10 Ways to Manage Stress without Drugs or AlcoholAnna Ciulla
Effective stress management is central to lasting freedom from substance abuse, but many don’t know where or how to begin in managing stress without drugs or alcohol. Discover 10 invaluable tips for coping with workplace and other stress:
There is a clear connection between work-related and other forms of stress and substance abuse, according to a large body of research. Addiction experts now know that most substance use disorders (SUDs) first develop as a way of coping with physical, mental and emotional stress (which can be triggered by chronic, daily stressors, like a hairy daily commute, or an acute stressor like a traumatic event). Stress, in the words of one study, is “a well-known risk factor in the development of addiction and in addiction relapse vulnerability.”
Effective stress management skills are thus crucial to finding lasting freedom from drugs and/or alcohol—and an important focus during the treatment experience at Beach House Center for Recovery. But for many in recovery, the very notion of “self-soothing” in times of stress without the help of drugs or alcohol can be daunting and can seem like a foreign, counter-intuitive concept.
For that reason, we’ve compiled some tips below on sober stress management strategies that are proven to work.
Here are 10 ways to manage stress more generally, without drugs or alcohol:
- Breathing and Mindfulness Meditation – Your body has its own built-in calming device in the form of your own breath. Any time you start to feel overwhelmed by stress-related anxiety or a sense of overwhelming urgency, you can take a long deep breath in through your nose, and then slowly exhale through your mouth. As you exhale, you can even mentally say to yourself, “Relax.” Even just 2-3 long, deep breaths in and out, with the command, “Relax,” will slow down your heart rate and bring your body (and in particular, your parasympathetic nervous system, which heats up during stress) into a state of greater rest and relaxation. Mindfulness meditation typically pairs this kind of breath work with a visualization exercise or with intentional attentiveness to the present moment. Recent research at Harvard has revealed this form of meditation alleviates mental and emotional stress.
- Regular Cardiovascular Exercise – Getting your body moving is another proven stress buster. 14 percent of Americans rely on exercise as a stress management tool, according to the Anxiety and Depression Association of America. Vigorous exercise relieves stress by releasing those stress-triggered endorphins, lifting your mood, and letting your mind, in essence, check out in a quasi-meditative state, according to the Mayo Clinic.
- Reducing Caffeine Intake – Coffee and other caffeinated drinks raise levels of the stress hormone, cortisol, according to research. More cortisol ups the body’s physical stress response, however: the heart rate quickens, breathing becomes shallower and your adrenalin kicks in.
- Eating a Healthy and Well-Balanced Diet – What you put into your body directly impacts how your body responds to stress. But daily diet can also be easy to overlook—especially when you’re under stress. Greasy fast food meals or food that is high in processed sugar reportedly only amplify the physical effects of stress.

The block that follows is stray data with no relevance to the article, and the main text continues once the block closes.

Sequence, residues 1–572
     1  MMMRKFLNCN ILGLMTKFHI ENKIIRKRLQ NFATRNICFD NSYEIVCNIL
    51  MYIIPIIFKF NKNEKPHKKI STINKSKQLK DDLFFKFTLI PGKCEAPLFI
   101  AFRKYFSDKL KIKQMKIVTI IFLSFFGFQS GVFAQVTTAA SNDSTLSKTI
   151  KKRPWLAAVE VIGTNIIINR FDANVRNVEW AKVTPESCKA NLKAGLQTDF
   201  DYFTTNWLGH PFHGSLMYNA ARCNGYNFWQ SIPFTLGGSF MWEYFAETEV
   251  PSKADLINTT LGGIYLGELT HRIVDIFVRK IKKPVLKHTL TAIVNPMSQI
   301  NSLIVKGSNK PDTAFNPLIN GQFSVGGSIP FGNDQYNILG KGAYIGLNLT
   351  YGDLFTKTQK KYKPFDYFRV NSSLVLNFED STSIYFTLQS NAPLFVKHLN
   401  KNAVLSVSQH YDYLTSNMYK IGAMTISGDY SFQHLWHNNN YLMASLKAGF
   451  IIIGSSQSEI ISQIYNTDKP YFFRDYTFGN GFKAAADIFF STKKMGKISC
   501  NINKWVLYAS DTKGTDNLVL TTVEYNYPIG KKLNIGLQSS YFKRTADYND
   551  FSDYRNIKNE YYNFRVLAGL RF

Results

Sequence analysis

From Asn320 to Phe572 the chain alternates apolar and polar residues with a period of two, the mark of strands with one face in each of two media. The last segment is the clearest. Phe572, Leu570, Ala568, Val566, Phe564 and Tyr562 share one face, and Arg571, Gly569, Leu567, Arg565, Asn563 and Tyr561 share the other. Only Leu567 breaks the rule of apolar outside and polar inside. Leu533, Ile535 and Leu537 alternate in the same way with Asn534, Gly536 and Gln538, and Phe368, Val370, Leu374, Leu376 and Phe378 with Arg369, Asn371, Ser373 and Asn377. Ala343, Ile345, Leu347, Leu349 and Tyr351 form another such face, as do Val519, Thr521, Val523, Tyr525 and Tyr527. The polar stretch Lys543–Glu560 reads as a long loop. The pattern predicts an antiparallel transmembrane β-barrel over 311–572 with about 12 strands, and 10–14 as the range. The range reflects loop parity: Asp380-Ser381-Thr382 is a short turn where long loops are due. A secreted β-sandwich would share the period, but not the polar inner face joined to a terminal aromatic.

- Laughter and Looking for Humor in Daily Life – Research says laughter lowers levels of the stress hormone, cortisol. Laughing is also good stress relief for these reasons listed by the Mayo Clinic. Not everyone is born with a raucous funny bone or as an aspiring Jon Stewart. But anyone can make space for more lighthearted comedy in their life and learn to be less serious about everything.
- Spending Time in Nature and in Dirt – Getting out in nature is very restorative, probably because it’s in our DNA: the earliest human ancestors were hunters and foragers, after all, so that link to the natural world runs deep. While it can be hard to break away from the Smartphone, taking a walk through the local park, going for a hike in the mountains or getting one’s hands dirty gardening in the backyard are all ways to re-center and relax. (There’s even now a whole new field called “ecotherapy” or “dirt therapy,” based on research into the therapeutic properties of soil.)
- Taking Occasional Breaks – Stress usually manifests as a sense of mounting and increasingly overwhelming pressure from work or other life circumstances. Short, regular breathers in the day are one way to take time out. So are real vacations. Planning a trip, for example, is evidenced to boost happiness levels.
- Serving and Volunteering – Harvard researchers have found that service and volunteering are good forms of stress reduction. People who volunteer have lower blood pressure, for example.
- Having a Hobby – A hobby is something you enjoy doing: engaging in it is fun and rewarding. Some people play in a band. Others write poetry, paint or run marathons for fun.
- Talking About Your Problems – People who successfully recover from a very stressful event often do so because they have good social support, according to research cited by PsychCentral. Talking with your problems in person with a close, trusted friend, counselor or with a peer support group can bring down stress levels, by helping you reframe a problem in a more positive light, lifting your spirits, and giving you a sense that you are not alone in facing whatever is stressing you out.